Wilkie Collin's investigation of illegitmacy and 'the woman question' in No Name (1862) compels with a wholly different order of suspense from that of The Woman in White or The Moonstone. For its family secret - the Vanstone daughters' illegitmacy, their consequent disinheritance and fall from social grace - is revealed early on, and as Magdalen Vanstone struggles to reclaim her idenity, the plot uncovers many a moral, social and legal skeleton in the cupboards of Victorian society. Mercurial and unscrupulous, Magdalen is Wilkie Collin's most exhilarating heroine, one of the rare subversives in Victorian fiction and a woman dazzlingly verasatile in her powers of self-transformation. Through her, with great comic vigour, No Name exposes how social identity is constructed, and how it can be dismantled, buried, borrowed and invented.
A witty, intricately-plotted exploration of a sudden fall from grace, the Penguin Classics edition of Wilkie Collins's No Name is edited with an introduction and notes by Mark Ford. Magdalen and her sister Norah, beloved daughters of Mr and Mrs Vanstone, find themselves the victims of a catastrophic oversight. Their father has neglected to change his will, and when the girls are suddenly orphaned, their inheritance goes to their uncle. Now penniless, the conventional Norah takes up a position as a governess, but the defiant and tempestuous Magdalen cannot accept the loss of what is rightfully hers and decides to do whatever she can to win it back. With the help of cunning Captain Wragge, she concocts a scheme that involves disguise, deceit and astonishing self-transformation. In this compelling, labyrinthine story Wilkie Collins brilliantly demonstrates the gap between justice and the law, and in the subversive Magdalen he portrays one of the most exhilarating heroines of Victorian fiction. In his introduction Mark Ford examines themes of identity and illegitimacy within Victorian society and compares No Name to Collins's more 'sensational' fiction. This edition also includes notes and a bibliography. Wilkie Collins (1824-1889) was born in London in 1824, the eldest son of the landscape painter William Collins. In 1846 he was entered to read for the bar at Lincoln's Inn, where he gained the knowledge that was to give him much of the material for his writing. From the early 1850s he was a friend of Charles Dickens, who produced and acted in two melodramas written by Collins, The Lighthouse and The Frozen Deep. Of his novels, Collins is best remembered for The Woman in White (1859), No Name (1862), Armadale (1866) and The Moonstone (1868). If you enjoyed No Name, you might like Anthony Trollope's Can You Forgive Her?, also available in Penguin Classics.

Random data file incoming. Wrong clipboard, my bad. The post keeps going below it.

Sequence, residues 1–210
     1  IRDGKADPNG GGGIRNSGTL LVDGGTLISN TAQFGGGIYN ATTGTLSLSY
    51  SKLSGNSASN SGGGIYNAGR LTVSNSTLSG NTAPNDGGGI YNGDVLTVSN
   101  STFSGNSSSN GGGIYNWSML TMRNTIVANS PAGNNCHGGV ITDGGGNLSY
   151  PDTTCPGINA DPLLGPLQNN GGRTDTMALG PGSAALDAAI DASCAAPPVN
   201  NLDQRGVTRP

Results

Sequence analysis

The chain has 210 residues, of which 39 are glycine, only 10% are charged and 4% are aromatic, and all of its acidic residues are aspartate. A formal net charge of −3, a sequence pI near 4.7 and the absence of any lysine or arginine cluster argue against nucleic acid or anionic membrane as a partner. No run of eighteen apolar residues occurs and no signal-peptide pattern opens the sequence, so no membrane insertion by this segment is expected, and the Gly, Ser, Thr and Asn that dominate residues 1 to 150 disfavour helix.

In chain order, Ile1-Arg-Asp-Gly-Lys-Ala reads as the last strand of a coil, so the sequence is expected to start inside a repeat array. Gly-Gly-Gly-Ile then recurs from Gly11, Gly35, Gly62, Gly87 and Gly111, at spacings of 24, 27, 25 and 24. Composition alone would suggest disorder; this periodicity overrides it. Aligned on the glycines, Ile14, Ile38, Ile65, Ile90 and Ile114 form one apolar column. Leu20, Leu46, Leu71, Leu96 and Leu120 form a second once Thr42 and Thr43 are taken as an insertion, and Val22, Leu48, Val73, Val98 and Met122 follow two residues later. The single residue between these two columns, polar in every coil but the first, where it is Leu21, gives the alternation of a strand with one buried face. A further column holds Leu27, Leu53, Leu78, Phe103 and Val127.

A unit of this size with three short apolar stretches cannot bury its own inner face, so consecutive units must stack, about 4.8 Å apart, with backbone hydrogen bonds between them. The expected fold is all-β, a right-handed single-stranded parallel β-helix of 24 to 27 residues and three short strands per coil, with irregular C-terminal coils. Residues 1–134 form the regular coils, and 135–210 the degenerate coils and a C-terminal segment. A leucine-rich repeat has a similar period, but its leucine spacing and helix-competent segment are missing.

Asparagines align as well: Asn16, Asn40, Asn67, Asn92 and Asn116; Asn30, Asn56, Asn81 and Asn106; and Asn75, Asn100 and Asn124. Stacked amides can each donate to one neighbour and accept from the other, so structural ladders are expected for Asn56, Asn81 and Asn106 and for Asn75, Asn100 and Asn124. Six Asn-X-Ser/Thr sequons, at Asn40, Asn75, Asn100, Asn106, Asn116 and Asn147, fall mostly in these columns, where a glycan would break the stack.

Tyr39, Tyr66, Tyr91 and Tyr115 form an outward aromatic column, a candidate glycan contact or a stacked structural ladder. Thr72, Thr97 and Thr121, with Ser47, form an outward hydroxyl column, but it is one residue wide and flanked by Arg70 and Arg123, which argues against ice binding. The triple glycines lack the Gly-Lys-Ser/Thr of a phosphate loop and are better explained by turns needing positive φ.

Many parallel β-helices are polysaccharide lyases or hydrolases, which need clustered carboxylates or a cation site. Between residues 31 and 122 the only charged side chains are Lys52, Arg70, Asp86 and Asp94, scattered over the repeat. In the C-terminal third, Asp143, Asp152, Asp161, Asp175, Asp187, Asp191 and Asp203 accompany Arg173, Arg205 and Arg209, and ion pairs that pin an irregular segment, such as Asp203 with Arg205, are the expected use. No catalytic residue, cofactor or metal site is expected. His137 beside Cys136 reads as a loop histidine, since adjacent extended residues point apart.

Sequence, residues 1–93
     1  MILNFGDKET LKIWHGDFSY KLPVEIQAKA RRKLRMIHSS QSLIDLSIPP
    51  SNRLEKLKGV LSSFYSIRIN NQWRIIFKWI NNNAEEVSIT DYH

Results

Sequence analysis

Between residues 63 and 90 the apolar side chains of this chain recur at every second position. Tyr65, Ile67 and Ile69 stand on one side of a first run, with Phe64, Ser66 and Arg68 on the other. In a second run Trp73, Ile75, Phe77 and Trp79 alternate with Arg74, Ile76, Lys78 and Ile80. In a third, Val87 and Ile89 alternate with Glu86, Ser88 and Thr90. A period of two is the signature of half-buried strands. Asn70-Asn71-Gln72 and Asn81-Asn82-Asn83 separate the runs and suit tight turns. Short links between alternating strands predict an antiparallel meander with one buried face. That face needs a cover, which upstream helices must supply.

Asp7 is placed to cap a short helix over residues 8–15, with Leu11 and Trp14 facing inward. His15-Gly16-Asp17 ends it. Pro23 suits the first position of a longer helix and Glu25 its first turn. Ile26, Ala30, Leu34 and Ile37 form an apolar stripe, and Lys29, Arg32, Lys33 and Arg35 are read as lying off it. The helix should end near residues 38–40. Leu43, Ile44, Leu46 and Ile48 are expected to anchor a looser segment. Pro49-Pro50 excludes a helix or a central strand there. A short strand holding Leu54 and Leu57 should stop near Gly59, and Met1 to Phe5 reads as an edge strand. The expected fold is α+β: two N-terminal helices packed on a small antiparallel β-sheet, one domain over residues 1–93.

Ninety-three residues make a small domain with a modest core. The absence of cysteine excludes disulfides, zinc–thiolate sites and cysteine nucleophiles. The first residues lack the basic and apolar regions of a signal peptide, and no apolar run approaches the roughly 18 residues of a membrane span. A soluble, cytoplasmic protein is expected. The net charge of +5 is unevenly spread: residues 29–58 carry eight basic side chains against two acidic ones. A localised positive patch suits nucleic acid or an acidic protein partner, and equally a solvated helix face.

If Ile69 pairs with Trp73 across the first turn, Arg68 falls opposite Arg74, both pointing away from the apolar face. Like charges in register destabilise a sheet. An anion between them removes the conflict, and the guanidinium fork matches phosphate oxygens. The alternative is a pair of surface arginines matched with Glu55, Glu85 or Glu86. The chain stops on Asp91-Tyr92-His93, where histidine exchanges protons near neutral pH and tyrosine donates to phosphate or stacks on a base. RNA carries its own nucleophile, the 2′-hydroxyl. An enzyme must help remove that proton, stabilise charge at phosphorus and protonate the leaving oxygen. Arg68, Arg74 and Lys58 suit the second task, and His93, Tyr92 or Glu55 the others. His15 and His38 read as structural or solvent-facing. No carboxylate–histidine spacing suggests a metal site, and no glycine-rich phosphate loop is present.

Wilkie (William) Collins (1824-89) was a hugely successful and popular crime, mystery and suspense writer. He wrote the first full-length detective novels in English and set a mould for the genre as shown in The Moonstone and 'The Woman in White'. Mark Ford is a lecturer in English Literature at University College London. His publications include the poetry collections Landlocked and Soft Sift and he has also edited Charles Dickens' Nicholas Nickleby for Penguin Classics.
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